I was counting off the numbers for a friend of mine on Friday, and did a couple of quick count-on-my-fingers calculations using the Rule of 72. We went to Urban Outfitters and looked at various books and horrible, horrible hipster gear. I recommended various stuff based on websites I've seen, managing to convince him to buy 2 copies of Snakes on a Sudoku by internet-Renaissance-man Francis Heaney, and also somehow twisting his arm into buying a desk calendar. Someday, I'll buy those PostSecret books, too.

Monday, December 04, 2006

Best stupid spam email subject line ever

"Combat Robot Unicycle Trials!"

Yeah. That's totally worth all the junk in my inbox.

2006 Christmas wish list

I've been thinking about Christmas. Here's what I asked for last year. Several people gave blood and/or made donations to Child's Play, a charity that gives games and toys to hospitals for kids.

I got some other stuff on my list - exceptional props go to my sisters for getting me a New Yorker subscription. Lee is stealing them when they arrive to read the last-page comic caption contest and write her own caption first. That's good stuff.

So, yeah, here's what I want:

Board games:
  • Don't worry about it, I'll buy stuff for me.
  • Magazine subscriptions to Make, McSweeney's, the Atlantic Monthly, Esquire, or the New Yorker.

It's on now (Elizabeth Grigg's blog, that is)

Elizabeth Grigg has upgraded her blog to a newer version of Movable Type, fixing her comment troubles.

On Sunday, we went over to Sue and Jack's house, to bring them some pizza and hang out with their brand-new baby Simcha, who was 6 days old at the time. Usually, newborns sound like creaky doors, but their new girl sounds like a mewing kitten.

They have cut down the trees in their back yard and have a giant wooden playset that's mostly unassembled back there. The kids no longer call it "the jungle." Now they call it "the desert."

Friday, December 01, 2006

Thursday night: Tim brings back his tweaked prototype

Chris, Tim, R.J., and Larry came over on Thursday, and a good time was had by all.

First, we played the new Cheapass Games title Enemy Chocolatier. In it, players compete as candy-makers buying up neighborhoods near a magical chocolate factory to either win the love of the people, or complete their secret recipe and dominate the people, love notwithstanding. There's a lot more meaty decisions than most of the Cheapass line, and we had a lot of discussion afterward about possible strategies and how the game would play differently the next time.

Lee came downstairs from putting Alex to bed right as we were packing up Enemy Chocolatier.

Tim brought back his cyberpunk game prototype. He'd already brought back a bunch of re-worked event cards sometime between then and now, for more advice.

It's neat, because after watching all of us play, taking notes, and hearing our feedback, Tim's produced a tighter and better game. As before, all the players are cyber-couriers, with 5 million generic currency to start, all hoping to make 20 million generic currency in order to retire.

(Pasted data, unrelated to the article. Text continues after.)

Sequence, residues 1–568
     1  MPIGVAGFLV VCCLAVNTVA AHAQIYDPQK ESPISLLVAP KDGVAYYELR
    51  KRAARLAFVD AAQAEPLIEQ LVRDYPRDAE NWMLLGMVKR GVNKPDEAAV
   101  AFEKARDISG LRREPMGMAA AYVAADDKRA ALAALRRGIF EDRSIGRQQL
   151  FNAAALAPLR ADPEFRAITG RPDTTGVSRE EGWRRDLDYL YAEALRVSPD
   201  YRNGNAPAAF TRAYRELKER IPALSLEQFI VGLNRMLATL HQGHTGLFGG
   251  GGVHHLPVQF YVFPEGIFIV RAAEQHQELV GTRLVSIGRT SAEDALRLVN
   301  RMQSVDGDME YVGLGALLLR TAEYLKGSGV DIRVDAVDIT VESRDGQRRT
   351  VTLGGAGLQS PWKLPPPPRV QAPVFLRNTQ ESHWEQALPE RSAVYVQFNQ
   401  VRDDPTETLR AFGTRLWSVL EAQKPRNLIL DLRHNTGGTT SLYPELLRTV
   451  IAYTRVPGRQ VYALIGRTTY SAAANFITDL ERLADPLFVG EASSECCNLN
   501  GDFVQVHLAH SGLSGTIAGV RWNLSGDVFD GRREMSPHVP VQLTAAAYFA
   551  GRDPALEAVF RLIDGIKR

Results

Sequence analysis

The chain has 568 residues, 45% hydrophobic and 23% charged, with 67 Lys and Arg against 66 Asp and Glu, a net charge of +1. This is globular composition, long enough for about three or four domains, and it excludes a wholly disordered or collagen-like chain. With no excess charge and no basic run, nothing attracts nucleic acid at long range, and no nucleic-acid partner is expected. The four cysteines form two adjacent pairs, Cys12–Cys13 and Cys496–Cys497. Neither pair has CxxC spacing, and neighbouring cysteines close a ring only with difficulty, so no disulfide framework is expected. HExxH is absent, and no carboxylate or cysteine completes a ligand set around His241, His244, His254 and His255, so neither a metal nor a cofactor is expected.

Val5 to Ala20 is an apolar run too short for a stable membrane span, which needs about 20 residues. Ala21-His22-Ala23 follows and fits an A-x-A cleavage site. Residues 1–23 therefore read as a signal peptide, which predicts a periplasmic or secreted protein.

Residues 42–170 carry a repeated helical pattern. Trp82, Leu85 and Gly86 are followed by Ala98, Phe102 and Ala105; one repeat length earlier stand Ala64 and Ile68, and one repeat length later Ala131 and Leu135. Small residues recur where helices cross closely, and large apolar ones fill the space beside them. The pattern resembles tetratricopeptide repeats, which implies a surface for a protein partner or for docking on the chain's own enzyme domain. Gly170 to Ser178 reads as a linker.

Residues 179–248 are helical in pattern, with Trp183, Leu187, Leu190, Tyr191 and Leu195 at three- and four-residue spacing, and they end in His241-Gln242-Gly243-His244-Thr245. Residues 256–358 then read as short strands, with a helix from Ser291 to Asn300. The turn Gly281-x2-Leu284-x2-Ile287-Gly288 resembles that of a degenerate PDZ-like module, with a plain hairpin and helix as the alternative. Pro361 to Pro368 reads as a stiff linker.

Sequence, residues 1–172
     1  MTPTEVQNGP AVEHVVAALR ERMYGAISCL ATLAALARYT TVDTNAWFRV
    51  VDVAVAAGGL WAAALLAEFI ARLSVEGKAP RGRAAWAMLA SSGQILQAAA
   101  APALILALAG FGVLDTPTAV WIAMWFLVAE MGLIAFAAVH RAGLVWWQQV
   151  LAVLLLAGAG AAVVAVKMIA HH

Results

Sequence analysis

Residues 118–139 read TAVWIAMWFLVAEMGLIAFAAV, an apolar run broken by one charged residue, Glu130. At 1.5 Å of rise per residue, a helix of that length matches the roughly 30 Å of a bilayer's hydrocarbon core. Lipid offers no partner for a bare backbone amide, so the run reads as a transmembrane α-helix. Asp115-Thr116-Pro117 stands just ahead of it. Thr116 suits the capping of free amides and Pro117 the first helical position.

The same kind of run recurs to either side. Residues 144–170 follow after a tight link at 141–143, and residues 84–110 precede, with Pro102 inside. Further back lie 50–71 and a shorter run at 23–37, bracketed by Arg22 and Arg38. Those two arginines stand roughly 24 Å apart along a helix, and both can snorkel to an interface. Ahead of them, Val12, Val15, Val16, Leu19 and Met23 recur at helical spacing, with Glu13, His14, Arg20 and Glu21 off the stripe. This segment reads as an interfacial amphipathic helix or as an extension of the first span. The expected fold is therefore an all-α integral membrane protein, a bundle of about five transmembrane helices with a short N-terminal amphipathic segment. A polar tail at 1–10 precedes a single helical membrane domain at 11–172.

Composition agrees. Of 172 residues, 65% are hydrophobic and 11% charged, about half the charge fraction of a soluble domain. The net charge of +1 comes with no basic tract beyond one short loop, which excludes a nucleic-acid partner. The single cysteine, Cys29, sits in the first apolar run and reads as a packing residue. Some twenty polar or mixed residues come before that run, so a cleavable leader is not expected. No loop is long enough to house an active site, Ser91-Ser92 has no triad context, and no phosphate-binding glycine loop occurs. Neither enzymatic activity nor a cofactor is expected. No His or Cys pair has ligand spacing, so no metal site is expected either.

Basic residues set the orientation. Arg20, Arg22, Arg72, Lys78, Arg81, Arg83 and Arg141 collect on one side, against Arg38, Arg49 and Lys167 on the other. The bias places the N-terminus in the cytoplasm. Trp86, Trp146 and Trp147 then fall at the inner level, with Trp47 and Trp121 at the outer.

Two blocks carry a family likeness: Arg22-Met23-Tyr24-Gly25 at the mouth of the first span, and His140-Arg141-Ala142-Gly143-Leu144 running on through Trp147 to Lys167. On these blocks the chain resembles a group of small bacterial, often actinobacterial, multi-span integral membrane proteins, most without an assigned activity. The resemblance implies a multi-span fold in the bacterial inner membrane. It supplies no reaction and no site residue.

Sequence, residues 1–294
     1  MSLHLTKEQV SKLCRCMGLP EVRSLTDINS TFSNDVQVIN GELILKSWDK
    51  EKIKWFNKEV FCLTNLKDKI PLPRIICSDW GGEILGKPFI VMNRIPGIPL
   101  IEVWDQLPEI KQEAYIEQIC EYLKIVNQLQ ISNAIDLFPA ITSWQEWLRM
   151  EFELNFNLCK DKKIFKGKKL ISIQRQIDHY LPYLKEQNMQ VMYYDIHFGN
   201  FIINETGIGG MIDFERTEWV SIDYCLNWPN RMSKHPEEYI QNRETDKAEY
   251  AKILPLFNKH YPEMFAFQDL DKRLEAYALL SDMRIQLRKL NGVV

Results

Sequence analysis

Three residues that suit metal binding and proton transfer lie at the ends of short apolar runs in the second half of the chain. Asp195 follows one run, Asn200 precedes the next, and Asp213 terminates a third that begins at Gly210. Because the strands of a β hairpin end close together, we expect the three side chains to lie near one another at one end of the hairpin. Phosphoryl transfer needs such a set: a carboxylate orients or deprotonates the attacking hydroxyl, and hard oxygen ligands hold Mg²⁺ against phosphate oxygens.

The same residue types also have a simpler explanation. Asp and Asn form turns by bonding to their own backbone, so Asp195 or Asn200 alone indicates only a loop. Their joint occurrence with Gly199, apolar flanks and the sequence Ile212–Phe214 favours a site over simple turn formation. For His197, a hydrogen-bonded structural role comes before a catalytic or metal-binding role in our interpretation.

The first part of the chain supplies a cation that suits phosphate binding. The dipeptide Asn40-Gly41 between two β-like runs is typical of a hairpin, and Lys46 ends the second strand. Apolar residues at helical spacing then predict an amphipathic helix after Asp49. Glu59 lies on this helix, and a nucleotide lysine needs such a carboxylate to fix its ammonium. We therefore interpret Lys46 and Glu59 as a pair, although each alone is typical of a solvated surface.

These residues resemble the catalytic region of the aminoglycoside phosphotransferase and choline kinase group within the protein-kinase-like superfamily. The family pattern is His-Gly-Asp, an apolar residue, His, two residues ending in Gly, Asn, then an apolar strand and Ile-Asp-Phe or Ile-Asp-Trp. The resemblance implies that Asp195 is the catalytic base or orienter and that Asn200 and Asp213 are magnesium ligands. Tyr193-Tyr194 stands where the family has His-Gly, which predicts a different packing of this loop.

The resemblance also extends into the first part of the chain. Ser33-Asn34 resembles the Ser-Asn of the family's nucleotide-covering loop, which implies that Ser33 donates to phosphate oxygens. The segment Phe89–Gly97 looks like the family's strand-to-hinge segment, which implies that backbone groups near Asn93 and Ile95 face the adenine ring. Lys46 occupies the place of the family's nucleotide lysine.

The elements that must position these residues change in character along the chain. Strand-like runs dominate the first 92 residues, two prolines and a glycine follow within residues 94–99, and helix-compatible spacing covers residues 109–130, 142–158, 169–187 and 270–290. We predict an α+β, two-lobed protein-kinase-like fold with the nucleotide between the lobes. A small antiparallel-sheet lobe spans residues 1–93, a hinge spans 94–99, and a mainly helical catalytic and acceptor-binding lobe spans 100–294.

The board layout had changed slightly, but is still a set of white squares separating various edge nodes that serve as as pick-up spots, delivery spots, or sources of cybernetic enhancement.

We played for almost two hours, bopping about from space to space, picking up/delivering/getting enhanced. I began yawning like crazy, and realized it was 11 pm. Announcing this started a mad rush for the door, as everyone had to be at work on Friday.

What Tim changed:

1. increased good stuff on cards drawn at Random Stuff spaces on the board.
2. added action cards that are saved for later play into the Random Stuff card mix.
3. increased players' starting money, thus their options.
4. added more powers.
5. changed how turn order works.
6. varied how stacks of jobs appear.
7. streamlined the "getting hacked" mechanisms.
8. added more cards, period, to the Random Stuff card mix.
9. increased payouts of all jobs.
10. greatly increased payouts of the "dangerous" jobs, since none of the risk-averse players took ANY in the last game.
11. added a second player-vs.-player combat system.
12. increased the amount of ways players could interact, encouraging negotiation.
13. re-worded cards and added minor flavor text for variety.
14. created money and little colored upgrade chits.

The more I typed, the more impressed I got. Tim, as it develops, was LISTENING to us.

His changes streamlined play, and the original design intent has been enhanced by his responses to our playtesting. This time, everyone had more fun, with much less random grousing. Tim took more notes and handled the whole session with the usual aplomb and enthusiasm that makes him an all-around good guy.

It's fun to see how the group acts and thinks about the new situations presented in the game. I hope we'll see more prototypes in the months to come.

Gamecount: Individual game sessions played for the year = 186, New game titles played for the year = 40*. I'm counting Tim's revised prototype as a new title, due to extensive reworking.